President Obama doubtless plans for the Affordable Care Act, also known as Obamacare, to be the keystone of his legacy. That calls for an examination of Obamacare’s largest wholly-owned subsidiary. Covered California turns out to be something of a misnomer, but it’s definitely a success at spending money.
Covered California has shelled out $454 million, nearly half a billion dollars, on a computer system. Covered California bosses also spent tens of millions on grants to promote the program, in addition to an $80 million television, radio and Internet marketing campaign. The system spent $1.3 million on a promotional video featuring flabby exercise guru Richard Simmons cavorting with a contortionist.
Covered California also served as a lucrative landing spot for washed-up government officials such as former state finance director Ana Matosantos. She bagged a deal of $20,000 a month to advise the state exchange on “financial sustainability and budgeting issues, and evaluation analytics.”
What all this technology and spending actually achieved was well documented by the Center for Health Reporting (CHR), which operates from the Annenburg School for Communication and Journalism at the University of Southern California. The CHR’s Emily Bazar found that the state health website, like its federal counterpart, was largely dysfunctional.
Those eager to sign up encountered waits of hours, days and weeks. Many requested that they not be contacted, but Covered California promptly gave their contact information to insurance agents, a blatant violation of privacy.
State politicians and Covered California bosses were not exactly up-front about any of the problems. Reporters and consumer advocates found that the state health exchange kept their communications from public scrutiny. And the system was hardly a model of efficiency.
When enrolled Californians reported income changes, they found that Covered California’s first action was to terminate their plan, and that getting a new one was difficult and time consuming. Covered California blamed this on the $454 million computer system. Bazar told Californians to “keep your fingers crossed” as they wrangled with the system.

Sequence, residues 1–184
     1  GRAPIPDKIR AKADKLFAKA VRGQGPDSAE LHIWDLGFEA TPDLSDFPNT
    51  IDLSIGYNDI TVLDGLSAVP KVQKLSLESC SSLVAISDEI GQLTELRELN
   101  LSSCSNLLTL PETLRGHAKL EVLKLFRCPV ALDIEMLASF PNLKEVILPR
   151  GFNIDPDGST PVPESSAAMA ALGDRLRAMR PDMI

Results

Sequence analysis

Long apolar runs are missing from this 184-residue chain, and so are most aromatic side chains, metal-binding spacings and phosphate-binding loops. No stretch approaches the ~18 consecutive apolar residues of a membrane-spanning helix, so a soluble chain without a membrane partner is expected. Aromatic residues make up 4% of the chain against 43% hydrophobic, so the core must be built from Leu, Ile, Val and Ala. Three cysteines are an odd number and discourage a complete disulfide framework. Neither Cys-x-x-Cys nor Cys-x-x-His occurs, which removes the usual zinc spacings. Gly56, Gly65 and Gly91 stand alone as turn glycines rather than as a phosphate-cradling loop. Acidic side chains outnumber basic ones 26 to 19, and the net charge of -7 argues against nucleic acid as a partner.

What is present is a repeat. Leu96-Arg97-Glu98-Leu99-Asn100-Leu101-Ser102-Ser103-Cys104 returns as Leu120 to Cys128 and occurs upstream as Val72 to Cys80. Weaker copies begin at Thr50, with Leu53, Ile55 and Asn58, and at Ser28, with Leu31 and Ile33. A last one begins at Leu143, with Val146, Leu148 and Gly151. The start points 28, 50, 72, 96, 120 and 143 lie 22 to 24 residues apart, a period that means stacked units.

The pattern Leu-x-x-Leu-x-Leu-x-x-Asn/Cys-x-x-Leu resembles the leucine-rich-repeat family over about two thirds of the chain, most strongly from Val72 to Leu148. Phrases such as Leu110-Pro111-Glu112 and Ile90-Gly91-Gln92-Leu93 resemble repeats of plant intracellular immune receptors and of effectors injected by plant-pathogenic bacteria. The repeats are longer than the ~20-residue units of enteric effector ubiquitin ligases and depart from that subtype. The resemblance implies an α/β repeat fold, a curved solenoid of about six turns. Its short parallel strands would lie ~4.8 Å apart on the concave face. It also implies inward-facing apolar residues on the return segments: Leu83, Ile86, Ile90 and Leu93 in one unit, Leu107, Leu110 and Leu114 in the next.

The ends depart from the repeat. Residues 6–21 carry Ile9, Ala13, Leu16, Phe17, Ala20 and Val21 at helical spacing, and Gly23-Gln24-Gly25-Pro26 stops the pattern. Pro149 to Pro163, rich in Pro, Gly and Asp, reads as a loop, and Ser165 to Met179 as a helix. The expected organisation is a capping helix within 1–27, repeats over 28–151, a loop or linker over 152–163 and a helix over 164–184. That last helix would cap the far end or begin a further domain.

The largest age group to sign up with Covered California was 55 to to 64 year-olds. When enrollees approached the Medicare age of 65 and sought to cancel their plan, they found that terminating coverage with the new state health exchange was practically impossible. The premiums kept coming, and this created tax problems.
Those on Medicare are no longer eligible for the tax credits under Obamacare. So as the CHR’s Emily Bazar noted, people could easily wind up owing money to the government. Again Covered California bosses blamed this problem on the computer system that cost nearly half a billion dollars.
As all this unfolded, anxious Californians remained uncertain whether or not they were actually covered. Los Angeles writer Juniper Ekman, for example, told Bazar that she received, count ‘em, 18 notices from Covered California in a single day. Fourteen of the notices said Ekman, along with her husband and daughter, were covered. But four said they were not covered.
In the San Francisco Bay Area one person received 40 notices in less than a month. In another case, four people in the same household received four different eligibility decisions in the same notice. When Emily Bazar sought answers from Covered California, bosses again blamed the problem on computers.
“This is the same system that has cost nearly half a billion dollars so far,” wrote Bazar, who does not work for Fox News. The system may have helped “multitudes” apply for health insurance, but “it also is responsible for countless glitches and widespread consumer misery.”
Jimmy Carter had his “misery index.” Now Obama has one too, and the misery is inherent in the system. So don’t forget to cross your fingers, knock on wood, and maybe grab that four-leaf clover.
Lloyd Billingsley is a policy fellow with the Oakland based Independent Institute and author of Exceptional Depravity, a new crime book, and Hollywood Party: Stalinist Adventures in the American Movie Industry.